November 07, 2005

Climate Signals - New York Times

In an editorial this morning (Climate Signals - New York Times), the NYT suggests that perhaps the strength of the link between the carbon cycle and international politics is strengtheing....

November 06, 2005

Earth System (singluar)

Imagine a surface of constant, but very low, nitrogen concentration that encloses Earth. That surface is closed and it bounds the Earth System.

While that surface is closed, it does not mean that there are no fluxes across it. Mass crosses in both direction: incoming mass includes meteorites, but also, depending on what nitrogen concentration is chosen to define the surface, a selection of space junk; outgoing includes helium and space probes. The energy balance across that surface determines, among other things, Earth's room temperature.

The scale of that surface defines the largest scale in the hierarchy of Earth systems. The fluxes across that surface connect the Earth System to the Solar System and other systems beyond. That is clearly a loose coupling, but it is just the sort of thing that allows a hierarchical scale to be defined.

Within the Earth System, there are many subsystems. Those subsystems include the carbon cycle, international economics, my body and the computer on which these ideas are being composed. Many of those subsystems are linked and the links between them can be stronger or weaker. The link between the carbon cycle and international economics is reasonably strong; for better or worse the link between the carbon cycle and international politics is weaker than that with economics.

Our challenge then is to work out the connections and workings of subsystems of the Earth System and in so doing find levers we can pull to ensure that the possible futures for our planet include a reasonably large set that are satisficing.

November 03, 2005

Sustainability as Satisficing

I would like to propose yet another definition, or perspective anyway, for the idea of sustainability. The classical definition of the Bruntland report suggests that sustainability is a state of meeting the needs of today without sacrificing the needs of the future. Joel Cohen has pointed out that the Bruntland definition assumes that we have some idea of what the needs and capacities of the future will be, which we don't. He introduces a more dynamic notion of sustainability that incorporates changing needs and abilities.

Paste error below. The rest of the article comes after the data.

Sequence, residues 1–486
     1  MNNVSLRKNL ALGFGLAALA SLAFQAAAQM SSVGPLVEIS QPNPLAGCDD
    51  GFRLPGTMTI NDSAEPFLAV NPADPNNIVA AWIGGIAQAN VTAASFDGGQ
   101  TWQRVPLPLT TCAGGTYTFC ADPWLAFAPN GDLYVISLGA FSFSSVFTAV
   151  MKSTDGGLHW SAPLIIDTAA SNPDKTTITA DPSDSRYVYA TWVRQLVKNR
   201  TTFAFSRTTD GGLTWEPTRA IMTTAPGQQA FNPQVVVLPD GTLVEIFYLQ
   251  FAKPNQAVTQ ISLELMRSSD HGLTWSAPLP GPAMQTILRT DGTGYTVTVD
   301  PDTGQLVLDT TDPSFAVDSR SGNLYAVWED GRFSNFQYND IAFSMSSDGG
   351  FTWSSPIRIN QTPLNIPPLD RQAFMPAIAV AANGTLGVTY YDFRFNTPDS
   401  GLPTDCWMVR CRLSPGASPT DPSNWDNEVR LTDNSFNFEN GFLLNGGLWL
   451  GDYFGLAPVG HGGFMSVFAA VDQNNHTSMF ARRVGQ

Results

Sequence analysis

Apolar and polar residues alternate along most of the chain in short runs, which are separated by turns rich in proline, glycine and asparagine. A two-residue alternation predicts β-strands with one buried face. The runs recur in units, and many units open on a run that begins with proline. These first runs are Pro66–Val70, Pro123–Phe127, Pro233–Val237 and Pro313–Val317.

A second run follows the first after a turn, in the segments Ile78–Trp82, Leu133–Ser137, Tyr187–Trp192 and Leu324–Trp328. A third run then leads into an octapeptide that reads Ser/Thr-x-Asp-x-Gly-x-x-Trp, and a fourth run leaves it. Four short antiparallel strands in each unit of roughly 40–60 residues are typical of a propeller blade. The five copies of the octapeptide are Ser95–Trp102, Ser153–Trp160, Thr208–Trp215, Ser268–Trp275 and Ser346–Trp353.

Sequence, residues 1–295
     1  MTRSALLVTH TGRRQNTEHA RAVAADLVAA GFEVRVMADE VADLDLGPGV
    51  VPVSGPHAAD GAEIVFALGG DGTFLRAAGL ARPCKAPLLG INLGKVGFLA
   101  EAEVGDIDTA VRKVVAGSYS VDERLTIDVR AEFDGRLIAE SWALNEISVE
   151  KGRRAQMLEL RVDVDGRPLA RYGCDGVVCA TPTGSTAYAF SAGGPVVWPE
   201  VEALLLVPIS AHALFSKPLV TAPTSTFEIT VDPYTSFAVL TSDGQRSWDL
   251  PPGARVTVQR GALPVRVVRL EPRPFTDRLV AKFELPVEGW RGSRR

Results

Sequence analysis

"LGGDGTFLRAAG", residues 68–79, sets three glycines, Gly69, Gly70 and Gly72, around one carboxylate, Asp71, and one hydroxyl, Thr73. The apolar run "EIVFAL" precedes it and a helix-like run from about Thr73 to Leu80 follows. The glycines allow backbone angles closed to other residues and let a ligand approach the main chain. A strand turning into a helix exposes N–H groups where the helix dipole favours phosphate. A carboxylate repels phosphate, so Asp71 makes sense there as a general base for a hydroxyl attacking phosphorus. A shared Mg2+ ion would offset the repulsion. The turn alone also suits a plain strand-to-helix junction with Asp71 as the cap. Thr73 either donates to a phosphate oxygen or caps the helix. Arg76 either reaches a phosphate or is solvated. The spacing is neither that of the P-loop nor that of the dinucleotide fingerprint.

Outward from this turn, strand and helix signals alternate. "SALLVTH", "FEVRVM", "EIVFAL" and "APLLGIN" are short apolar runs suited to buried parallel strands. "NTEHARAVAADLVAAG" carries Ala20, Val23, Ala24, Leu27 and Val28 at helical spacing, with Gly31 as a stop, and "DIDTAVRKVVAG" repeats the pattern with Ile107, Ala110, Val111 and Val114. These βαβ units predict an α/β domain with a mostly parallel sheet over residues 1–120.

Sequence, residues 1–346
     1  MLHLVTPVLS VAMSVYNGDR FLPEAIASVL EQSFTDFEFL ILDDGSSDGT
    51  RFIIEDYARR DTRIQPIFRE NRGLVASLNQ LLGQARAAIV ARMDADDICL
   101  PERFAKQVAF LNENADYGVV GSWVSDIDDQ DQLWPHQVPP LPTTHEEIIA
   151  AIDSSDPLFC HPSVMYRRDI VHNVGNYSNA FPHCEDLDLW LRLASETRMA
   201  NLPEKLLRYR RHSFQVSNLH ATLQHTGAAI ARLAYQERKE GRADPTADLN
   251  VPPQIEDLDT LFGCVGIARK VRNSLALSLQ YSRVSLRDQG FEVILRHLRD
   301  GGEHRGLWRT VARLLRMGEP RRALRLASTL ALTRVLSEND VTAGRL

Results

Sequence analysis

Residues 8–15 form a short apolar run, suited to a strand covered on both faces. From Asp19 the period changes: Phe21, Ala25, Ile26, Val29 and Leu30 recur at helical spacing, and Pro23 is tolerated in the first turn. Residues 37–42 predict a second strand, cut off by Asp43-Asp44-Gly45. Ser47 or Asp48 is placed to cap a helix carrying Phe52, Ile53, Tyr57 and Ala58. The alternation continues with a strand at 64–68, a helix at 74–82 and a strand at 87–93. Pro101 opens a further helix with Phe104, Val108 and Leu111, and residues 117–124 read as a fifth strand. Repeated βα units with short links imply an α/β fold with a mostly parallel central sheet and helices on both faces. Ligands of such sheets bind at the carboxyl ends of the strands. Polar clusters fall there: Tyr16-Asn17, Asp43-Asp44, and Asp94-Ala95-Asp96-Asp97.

Both the Bruntland and Cohen approaches to sustainability bring our responsibility to future generations into the picture. This is important and they do it through an emphasis of the future and on an implied sense that if we are good then we might achieve sustainabilty sometime in the future.

I would like to propose that we move our sustainability focus closer to the present. In particular, I propose the following:

Sustainability is the existence at any given time of a set of possible futures which are acceptable in some satisficing sense.

Central to this recasting is the idea that sustainability is something that we have or don't have at the moment. My definition does a couple of other things:
  • It recognizes that decisions that we make today, determine what is possible and what is not possible as we move forward.
  • It introduces the notion that sustainability is not optimizing, but satisficing and through that notion brings ideas of bounded rationality to bear on our discussions of Earth management.
  • By introducing ideas related to administration and organizations, it introduces the idea that sustainability is a management problem.
  • By focusing on the present, it recognizes that there are some messes that we are simply going to have to deal with (an ice free Arctic for example).
The notion of an evolving set of satisficing possible futures is central. It does not imply futures are given, but that they are created. The need to steer toward desired possible futures will illuminate priorities with respect to resource allocations.

For instance, I expect that Earth will burn a lot of coal in the coming century. There is a possible future where this happens and we avoid acidification of the oceans, but that future requires the development of technologies to suck CO2 out of the atmosphere. CO2 sucking technologies are also possible both theoretically and economically. I think we should decide to develop such techologies so that the possible future of cheap energy for economic development along with continued functioning of surface ocean ecosystems is attained.